That a song older than most of LG’s target audience might serve as a cultural connection point is a twist few saw coming, but it also encapsulates the out-of-the-box strategies home appliance brands are deploying in marketing to this group. Many like Whirlpool and LG are tapping home influencers to engage with customers in splashy how-to videos around cooking and cleaning.
Whirlpool recently took its advertising in-house with the creation of its own internal studio World of Whirlpool (WoW) Studios, in order to gain more flexibility and control. Some like Electrolux are spinning new marketing initiatives around values and brand purpose, a key area of interest that is influencing purchase decisions for Gen Z, experts say. And all are innovating on products, merging smart appliances with marketing content that will appeal to young tech-savvy consumers eager to steer clear of their “grandmother’s” machines.
“We continue to make customer-led decisions with regard to our assortment and have seen the number of connected and smart appliances increase as customers, especially from younger generations, look for innovative products that make their home function more efficiently,” said Dean Schwartz, VP of merchandising, appliances at retailer Lowe’s.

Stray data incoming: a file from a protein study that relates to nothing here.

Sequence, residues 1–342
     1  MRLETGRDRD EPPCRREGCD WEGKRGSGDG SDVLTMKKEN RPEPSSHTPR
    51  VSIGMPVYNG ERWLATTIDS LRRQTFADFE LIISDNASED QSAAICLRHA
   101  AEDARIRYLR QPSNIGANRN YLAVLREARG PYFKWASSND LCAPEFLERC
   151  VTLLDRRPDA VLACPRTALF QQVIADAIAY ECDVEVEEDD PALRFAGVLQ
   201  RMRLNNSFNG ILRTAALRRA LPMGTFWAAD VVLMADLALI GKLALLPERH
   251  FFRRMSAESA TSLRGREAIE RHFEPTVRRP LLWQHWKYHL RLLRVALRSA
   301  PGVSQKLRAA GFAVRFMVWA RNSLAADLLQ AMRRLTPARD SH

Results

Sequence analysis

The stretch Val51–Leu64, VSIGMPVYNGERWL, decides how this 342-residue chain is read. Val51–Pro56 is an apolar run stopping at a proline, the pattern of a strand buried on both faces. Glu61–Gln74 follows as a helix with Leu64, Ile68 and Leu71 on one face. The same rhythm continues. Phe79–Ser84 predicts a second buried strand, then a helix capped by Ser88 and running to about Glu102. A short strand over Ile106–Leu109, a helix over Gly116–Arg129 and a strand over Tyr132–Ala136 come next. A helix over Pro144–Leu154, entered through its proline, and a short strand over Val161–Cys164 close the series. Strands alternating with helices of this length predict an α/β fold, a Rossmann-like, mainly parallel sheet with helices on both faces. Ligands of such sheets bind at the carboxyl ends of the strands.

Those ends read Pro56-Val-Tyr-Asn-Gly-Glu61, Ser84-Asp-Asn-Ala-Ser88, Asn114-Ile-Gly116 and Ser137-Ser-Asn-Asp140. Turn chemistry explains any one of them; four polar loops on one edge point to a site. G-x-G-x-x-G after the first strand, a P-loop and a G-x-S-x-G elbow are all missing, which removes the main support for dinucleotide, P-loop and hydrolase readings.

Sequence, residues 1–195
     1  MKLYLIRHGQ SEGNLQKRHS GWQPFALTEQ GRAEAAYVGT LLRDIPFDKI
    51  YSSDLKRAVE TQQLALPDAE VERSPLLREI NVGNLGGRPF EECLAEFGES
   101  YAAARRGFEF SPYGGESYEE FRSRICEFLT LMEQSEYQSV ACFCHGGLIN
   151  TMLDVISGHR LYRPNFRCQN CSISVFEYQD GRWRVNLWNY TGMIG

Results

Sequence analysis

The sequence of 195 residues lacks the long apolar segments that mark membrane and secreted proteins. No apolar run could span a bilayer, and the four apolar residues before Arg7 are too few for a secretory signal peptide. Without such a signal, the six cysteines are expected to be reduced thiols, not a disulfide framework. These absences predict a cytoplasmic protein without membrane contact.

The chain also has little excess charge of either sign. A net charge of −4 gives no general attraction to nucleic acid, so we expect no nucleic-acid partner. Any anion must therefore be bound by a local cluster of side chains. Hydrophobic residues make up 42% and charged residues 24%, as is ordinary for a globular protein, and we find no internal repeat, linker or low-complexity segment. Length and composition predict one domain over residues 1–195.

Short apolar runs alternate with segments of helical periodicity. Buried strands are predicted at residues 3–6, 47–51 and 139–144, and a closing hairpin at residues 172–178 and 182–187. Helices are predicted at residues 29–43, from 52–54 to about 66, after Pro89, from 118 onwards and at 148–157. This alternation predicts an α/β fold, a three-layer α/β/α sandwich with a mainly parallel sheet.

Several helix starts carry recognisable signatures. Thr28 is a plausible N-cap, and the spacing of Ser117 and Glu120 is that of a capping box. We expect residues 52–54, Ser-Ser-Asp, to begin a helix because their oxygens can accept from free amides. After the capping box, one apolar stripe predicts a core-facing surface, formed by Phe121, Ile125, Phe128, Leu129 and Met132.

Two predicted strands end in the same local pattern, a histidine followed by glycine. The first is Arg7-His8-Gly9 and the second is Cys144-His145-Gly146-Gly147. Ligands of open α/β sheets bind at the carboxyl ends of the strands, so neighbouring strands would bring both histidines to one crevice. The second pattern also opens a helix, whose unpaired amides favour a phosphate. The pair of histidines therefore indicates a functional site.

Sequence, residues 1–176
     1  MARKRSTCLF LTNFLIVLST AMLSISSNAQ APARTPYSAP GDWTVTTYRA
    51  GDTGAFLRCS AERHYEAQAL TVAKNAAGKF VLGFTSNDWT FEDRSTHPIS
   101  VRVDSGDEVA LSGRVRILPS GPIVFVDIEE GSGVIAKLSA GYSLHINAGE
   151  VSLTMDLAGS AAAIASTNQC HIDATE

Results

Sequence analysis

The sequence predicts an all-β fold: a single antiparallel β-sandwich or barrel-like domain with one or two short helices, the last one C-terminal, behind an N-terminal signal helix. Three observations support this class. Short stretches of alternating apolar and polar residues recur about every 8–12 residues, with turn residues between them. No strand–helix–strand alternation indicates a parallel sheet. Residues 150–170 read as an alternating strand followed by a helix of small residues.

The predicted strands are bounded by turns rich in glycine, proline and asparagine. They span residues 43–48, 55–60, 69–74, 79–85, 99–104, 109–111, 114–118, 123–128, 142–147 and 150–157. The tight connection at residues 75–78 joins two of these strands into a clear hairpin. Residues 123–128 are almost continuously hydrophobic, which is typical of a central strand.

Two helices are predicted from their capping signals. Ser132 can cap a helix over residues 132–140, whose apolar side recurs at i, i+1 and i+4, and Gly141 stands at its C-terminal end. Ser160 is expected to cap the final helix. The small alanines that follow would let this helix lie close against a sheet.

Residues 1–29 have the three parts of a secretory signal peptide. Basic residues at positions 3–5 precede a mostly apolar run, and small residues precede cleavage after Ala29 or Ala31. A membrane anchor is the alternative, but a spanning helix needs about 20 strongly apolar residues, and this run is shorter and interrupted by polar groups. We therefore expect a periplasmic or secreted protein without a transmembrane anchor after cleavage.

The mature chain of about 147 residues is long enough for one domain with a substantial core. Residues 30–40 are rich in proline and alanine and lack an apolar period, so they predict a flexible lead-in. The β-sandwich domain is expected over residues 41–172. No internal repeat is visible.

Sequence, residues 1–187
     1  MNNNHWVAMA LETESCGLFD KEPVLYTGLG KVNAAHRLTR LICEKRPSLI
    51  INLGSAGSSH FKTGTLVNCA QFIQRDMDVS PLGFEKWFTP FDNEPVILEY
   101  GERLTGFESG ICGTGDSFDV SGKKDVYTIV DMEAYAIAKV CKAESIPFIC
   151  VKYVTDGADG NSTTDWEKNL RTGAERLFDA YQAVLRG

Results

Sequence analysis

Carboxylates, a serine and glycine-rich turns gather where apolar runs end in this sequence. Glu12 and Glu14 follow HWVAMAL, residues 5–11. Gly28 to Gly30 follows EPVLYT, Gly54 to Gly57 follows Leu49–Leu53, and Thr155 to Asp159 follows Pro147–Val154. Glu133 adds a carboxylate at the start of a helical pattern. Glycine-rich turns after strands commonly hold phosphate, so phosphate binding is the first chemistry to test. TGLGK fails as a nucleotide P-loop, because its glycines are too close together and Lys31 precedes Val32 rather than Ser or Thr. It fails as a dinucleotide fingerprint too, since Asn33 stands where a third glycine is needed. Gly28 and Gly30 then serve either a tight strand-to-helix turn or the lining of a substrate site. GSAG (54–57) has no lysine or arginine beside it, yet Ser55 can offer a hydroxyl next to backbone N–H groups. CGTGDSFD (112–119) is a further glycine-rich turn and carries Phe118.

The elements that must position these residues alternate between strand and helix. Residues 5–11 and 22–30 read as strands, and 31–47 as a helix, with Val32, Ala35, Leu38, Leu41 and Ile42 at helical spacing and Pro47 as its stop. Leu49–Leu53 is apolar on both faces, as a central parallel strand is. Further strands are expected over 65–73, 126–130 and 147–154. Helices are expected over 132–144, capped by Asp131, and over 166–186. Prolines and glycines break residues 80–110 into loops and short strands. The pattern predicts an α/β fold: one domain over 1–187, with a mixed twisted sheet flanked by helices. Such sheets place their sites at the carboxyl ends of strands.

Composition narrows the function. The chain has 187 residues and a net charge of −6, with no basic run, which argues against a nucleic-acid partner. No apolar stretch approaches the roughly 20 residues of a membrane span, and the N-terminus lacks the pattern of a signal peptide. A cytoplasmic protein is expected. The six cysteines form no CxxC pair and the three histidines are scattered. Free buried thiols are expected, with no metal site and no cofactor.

There are several major players trying to grow their share of the $23.4 billion U.S. home appliance market. For example, Whirlpool commands 22.2% of the market and Electrolux 18.5%, according to data from market research firm IBISWorld. Chinese company Haier has a 14.5% share. IBIS estimates that revenue will rise 0.8% annually for the category through 2026. In a recent report, it found that “consumers are drawn to products that have recognizable names because major appliances are relatively expensive goods.” It added: “Reputation is fundamental to maintaining a strong retail presence by conveying that a company’s products are of the utmost quality.”